“The clone Escherichia coli O25 ST131, typically producing extended-spectrum beta-lactamases (ESBLs), has spread globally and became the dominant type among extraintestinal isolates at many parts of the world. However, the reasons behind the emergence and success of this clone are only partially understood. We compared the core
type genes by PCR of ESBL-producing and ESBL-nonproducing strains isolated from urinary tract infections in the United Arab Emirates and found a surprisingly high frequency of the K-12 core type (44.6%) among members of the former group, while in the latter one, it was as low (3.7%), as reported earlier. The high figure was almost entirely attributable to the presence of members of the clone O25 ST131 among ESBL producers. Strains from Pritelivir the same clone isolated in Europe also carried the K-12 core type genes. Sequencing PF-02341066 ic50 the entire core operon of an O25 ST131 isolate revealed a high level of similarity to known K-12 core gene sequences and an almost complete identity with a recently sequenced
non-O25 ST131 fecal isolate. The exact chemical structure and whether and how this unusual core type contributed to the sudden emergence of ST131 require further investigations. In Escherichia coli, the core oligosaccharide (OS) part of the lipopolysaccharide (LPS) molecule occurs in five different types: R1–4 and K-12, respectively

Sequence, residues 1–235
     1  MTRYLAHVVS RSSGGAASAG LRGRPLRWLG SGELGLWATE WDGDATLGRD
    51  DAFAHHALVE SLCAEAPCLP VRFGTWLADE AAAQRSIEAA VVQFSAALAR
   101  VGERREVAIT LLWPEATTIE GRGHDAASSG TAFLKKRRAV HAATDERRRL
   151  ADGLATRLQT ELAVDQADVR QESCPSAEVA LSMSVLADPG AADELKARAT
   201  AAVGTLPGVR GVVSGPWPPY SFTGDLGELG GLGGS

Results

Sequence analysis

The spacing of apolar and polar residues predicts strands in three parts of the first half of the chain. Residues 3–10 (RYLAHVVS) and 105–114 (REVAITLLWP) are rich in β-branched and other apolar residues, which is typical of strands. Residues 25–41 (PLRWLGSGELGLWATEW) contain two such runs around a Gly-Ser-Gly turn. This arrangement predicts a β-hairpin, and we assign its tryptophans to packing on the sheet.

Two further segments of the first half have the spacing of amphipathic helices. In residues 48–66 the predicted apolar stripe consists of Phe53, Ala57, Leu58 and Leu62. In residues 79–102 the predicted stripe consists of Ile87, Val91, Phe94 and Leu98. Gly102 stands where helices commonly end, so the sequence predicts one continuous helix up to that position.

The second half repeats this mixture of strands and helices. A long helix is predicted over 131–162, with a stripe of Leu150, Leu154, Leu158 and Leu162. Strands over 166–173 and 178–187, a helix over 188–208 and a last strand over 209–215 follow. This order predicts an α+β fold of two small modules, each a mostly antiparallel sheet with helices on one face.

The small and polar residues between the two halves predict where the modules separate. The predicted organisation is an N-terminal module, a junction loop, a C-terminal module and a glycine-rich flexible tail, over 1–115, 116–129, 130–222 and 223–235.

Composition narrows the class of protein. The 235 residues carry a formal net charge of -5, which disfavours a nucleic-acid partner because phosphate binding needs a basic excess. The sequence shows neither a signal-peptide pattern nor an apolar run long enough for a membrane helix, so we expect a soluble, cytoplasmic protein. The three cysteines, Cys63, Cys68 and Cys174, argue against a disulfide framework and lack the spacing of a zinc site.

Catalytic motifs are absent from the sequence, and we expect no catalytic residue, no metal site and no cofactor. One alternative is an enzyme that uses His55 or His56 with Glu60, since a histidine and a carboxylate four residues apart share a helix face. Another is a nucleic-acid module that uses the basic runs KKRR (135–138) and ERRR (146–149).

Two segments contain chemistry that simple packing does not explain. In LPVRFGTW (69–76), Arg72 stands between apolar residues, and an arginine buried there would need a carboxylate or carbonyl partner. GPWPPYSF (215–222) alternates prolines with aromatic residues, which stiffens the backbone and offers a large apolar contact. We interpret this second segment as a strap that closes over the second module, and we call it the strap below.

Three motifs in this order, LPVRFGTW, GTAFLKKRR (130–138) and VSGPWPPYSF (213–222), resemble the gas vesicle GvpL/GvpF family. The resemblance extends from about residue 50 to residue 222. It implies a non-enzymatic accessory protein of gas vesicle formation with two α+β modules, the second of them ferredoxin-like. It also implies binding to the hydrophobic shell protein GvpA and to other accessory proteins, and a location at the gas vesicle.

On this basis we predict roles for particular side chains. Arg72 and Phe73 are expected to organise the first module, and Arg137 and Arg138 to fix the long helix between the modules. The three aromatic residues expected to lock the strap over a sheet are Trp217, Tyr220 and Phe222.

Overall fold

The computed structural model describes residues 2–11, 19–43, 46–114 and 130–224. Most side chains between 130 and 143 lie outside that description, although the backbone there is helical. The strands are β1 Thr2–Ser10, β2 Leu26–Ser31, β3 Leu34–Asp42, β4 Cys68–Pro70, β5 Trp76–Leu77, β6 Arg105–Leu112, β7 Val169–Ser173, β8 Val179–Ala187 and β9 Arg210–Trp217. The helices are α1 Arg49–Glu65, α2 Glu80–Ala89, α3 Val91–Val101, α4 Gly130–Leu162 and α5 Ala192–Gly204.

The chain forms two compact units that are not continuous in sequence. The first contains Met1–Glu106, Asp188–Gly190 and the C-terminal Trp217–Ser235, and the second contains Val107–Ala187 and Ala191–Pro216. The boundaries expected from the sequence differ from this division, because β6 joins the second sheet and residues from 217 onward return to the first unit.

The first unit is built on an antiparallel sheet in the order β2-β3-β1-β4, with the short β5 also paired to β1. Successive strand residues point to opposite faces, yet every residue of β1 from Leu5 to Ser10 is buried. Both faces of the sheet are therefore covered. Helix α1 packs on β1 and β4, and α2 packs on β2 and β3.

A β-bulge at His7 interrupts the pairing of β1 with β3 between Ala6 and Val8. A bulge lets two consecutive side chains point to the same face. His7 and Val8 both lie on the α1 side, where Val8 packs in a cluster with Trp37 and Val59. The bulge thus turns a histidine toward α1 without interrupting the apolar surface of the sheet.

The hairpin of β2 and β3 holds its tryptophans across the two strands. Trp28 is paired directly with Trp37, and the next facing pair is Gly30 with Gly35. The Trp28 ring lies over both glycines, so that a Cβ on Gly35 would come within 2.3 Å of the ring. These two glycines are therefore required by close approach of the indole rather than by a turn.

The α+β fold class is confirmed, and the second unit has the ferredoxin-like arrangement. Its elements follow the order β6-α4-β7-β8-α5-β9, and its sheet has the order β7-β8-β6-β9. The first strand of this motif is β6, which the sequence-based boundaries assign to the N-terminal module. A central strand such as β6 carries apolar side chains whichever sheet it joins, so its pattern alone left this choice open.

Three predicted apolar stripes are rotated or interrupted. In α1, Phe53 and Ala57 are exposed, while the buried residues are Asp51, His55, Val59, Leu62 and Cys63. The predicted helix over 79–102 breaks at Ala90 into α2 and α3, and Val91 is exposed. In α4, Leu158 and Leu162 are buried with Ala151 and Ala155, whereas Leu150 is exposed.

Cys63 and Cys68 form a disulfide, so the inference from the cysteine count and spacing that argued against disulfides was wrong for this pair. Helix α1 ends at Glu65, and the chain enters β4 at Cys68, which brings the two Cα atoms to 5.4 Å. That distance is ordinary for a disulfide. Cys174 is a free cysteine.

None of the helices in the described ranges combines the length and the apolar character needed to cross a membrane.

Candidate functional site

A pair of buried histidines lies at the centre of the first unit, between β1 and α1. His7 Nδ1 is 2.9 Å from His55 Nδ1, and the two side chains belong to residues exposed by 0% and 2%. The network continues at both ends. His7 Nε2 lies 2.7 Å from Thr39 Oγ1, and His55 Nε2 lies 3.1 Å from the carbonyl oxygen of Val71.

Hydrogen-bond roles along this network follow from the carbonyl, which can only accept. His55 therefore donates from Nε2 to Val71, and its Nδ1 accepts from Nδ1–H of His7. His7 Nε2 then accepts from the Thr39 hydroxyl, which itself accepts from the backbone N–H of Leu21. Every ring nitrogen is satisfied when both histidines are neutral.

(Muller-Loennies et al., 2007). The core has a crucial role in maintaining the structure of the cell wall, although to what extent and how its specific type affects the colonizing capacity or the virulence of a pathogen remains to be elucidated. Nevertheless, earlier studies consistently found a highly disproportional distribution of these core types among commensal and clinical E. coli isolates (Gibb et al., 1992; Appelmelk et al., 1994; Amor et al., Org 27569 2000; Gibbs et al., 2004). Among strains recovered from extraintestinal infections, the frequency of R1 core type reached 61.0–81.0%, while that of the K-12 type was found the least or the second least common (2.2–5.6%) (Gibb et al., 1992; Appelmelk et al., 1994; Amor et al., 2000). These frequencies were well reflected by the distribution of core-type-specific antibodies in the population (Gibbs et al., 2004). In the past decade, the spread of extended-spectrum beta-lactamase (ESBL)-producing E. coli strains considerably altered the epidemiology and treatment options of extraintestinal infections (Woodford et al., 2011; Van der Bij et al., 2012). A significant percentage of these isolates belong to a limited number of clones, some considerably differing in their panel of virulence factors from those described earlier (Totsika et al., 2011; Van der Bij et al., 2012).